Cambridge University Press, 24 May 2004 - 429 sayfa
Fascists presents a theory of fascism based on intensive analysis of the men and women who became fascists. It covers the six European countries in which fascism became most dominant - Italy, Germany, Austria, Hungary, Romania and Spain. It is a comprehensive analysis of who fascists actually were, what beliefs they held and what actions they committed. The book suggests that fascism was essentially a product of post World War I conditions in Europe and is unlikely to re-appear in its classic garb in the future. Nonetheless, elements of its ideology remain relevant to modern conditions and are now re-appearing, though mainly in different parts of the world.
Kullanıcılar ne diyor? - Eleştiri yazın
Her zamanki yerlerde hiçbir eleştiri bulamadık.
A Sociology of Fascist Movements
Explaining the Rise of Interwar Authoritarianism and Fascism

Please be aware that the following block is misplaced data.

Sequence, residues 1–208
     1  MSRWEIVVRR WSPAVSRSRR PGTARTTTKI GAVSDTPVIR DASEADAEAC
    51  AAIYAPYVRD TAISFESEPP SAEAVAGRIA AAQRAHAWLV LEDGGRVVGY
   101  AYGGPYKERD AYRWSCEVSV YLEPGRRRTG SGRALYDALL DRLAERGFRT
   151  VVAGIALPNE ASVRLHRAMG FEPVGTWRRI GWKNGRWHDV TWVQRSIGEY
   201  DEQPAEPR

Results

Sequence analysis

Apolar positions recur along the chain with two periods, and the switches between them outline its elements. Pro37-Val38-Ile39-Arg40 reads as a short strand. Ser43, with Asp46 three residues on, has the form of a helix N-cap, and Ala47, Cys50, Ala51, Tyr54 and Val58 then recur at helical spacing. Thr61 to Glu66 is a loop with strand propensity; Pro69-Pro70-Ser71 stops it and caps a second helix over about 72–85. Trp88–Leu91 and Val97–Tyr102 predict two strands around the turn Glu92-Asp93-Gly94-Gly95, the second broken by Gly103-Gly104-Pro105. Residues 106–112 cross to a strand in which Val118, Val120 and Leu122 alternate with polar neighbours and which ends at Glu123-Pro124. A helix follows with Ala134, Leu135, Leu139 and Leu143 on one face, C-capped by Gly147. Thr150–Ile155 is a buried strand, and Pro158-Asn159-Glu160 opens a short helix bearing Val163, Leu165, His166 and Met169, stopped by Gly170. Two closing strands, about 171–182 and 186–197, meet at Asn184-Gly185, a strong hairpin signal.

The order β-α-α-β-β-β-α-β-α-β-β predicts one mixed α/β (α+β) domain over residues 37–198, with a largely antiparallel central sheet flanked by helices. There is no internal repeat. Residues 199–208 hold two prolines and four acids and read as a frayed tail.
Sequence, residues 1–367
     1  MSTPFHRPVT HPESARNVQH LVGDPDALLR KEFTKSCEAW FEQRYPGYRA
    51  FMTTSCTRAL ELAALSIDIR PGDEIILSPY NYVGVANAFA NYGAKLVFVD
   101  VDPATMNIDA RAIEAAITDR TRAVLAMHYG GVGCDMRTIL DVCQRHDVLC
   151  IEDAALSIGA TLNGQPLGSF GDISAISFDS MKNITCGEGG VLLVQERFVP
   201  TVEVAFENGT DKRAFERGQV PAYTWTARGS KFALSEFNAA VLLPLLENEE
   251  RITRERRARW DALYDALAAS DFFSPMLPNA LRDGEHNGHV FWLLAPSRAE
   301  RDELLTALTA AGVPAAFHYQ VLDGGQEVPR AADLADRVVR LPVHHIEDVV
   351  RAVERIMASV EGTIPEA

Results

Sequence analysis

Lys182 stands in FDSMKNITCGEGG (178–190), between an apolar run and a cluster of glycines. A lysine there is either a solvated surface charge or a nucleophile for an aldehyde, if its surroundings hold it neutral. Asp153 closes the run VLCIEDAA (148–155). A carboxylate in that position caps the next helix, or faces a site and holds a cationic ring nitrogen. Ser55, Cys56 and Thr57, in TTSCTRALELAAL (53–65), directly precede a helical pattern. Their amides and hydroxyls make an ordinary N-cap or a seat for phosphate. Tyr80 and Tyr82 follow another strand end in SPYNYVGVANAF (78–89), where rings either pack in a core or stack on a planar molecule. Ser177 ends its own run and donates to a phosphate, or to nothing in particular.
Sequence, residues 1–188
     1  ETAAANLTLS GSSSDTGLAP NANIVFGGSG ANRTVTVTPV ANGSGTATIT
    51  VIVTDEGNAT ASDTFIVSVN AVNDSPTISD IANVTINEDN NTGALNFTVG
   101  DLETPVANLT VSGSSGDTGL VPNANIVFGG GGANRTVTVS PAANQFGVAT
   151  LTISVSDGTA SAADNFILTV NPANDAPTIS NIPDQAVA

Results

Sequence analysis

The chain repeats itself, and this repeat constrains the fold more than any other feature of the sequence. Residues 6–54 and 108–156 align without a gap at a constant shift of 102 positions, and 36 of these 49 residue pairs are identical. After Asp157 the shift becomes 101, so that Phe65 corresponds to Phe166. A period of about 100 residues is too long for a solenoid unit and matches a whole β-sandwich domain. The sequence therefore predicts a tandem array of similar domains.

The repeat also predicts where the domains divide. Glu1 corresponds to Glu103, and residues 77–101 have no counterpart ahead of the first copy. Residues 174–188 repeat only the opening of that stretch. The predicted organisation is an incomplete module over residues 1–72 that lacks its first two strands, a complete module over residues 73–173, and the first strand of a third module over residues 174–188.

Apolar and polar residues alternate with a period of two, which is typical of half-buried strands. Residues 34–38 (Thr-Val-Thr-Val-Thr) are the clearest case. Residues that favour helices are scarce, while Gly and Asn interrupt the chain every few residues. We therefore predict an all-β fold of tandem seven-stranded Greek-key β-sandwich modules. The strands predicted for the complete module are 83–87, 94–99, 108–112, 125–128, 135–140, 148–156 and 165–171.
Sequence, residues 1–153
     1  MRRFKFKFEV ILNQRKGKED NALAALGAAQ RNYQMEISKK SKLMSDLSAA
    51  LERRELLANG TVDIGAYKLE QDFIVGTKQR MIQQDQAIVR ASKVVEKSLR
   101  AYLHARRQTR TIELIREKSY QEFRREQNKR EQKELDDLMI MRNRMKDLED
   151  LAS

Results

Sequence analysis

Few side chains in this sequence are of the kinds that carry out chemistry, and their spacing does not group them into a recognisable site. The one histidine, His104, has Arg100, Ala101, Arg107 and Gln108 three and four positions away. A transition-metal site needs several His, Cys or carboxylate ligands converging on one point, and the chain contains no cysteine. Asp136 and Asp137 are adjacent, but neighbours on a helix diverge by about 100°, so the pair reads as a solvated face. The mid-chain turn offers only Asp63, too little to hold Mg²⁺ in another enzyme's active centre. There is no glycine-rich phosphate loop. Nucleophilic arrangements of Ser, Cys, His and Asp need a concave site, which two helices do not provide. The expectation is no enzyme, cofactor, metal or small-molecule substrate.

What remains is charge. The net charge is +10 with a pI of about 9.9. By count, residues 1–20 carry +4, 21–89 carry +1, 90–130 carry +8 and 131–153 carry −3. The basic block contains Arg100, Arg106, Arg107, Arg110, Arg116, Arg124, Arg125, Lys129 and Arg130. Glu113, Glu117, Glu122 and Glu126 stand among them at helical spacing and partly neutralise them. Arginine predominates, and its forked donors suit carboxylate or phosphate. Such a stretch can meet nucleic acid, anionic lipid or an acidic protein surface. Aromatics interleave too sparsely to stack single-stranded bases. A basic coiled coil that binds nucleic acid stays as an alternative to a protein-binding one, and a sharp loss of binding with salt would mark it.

Italy Pristine Fascists
AustroFascists Austrian Nazis
The Hungarian Family of Authoritarians
The Romanian Family of Authoritarians
agrarian agricultural anarcho-syndicalists Anschluss anti-Semitism Appendix Table areas army Austrian Austro-fascism Austro-fascists authoritarian became bourgeoisie capitalism capitalist Catholic CEDA chapter Christian church civil servants class conflict cleansing communist conservative constitutional core corporatism corporatist countries coup crises crisis democratic DNVP dominated economic elections electoral elites enemies especially ethnic Europe Falange fascist fascist movements force foreign Franco German groups Heimwehr Hitler Hungarian Hungary ideology industrial Italian fascism Italy Jewish Jews labor leaders leftist legionary liberal democracy Linz Magyar major mass middle class militants mobilize modern moral Mussolini nation-state nation-statism nation-statist nationalism nationalist Nazis Nazism numbers old regime organic overrepresented paramilitary parties peasants percent petty bourgeois political popular populist postwar professionals proletarian Protestant radical reform regional repression republic Republican revolution rightist Romanian rural sector semi-authoritarian social socialist Spain Spanish squadristi statism theory transcend unions violence vote Weimar white-collar women workers young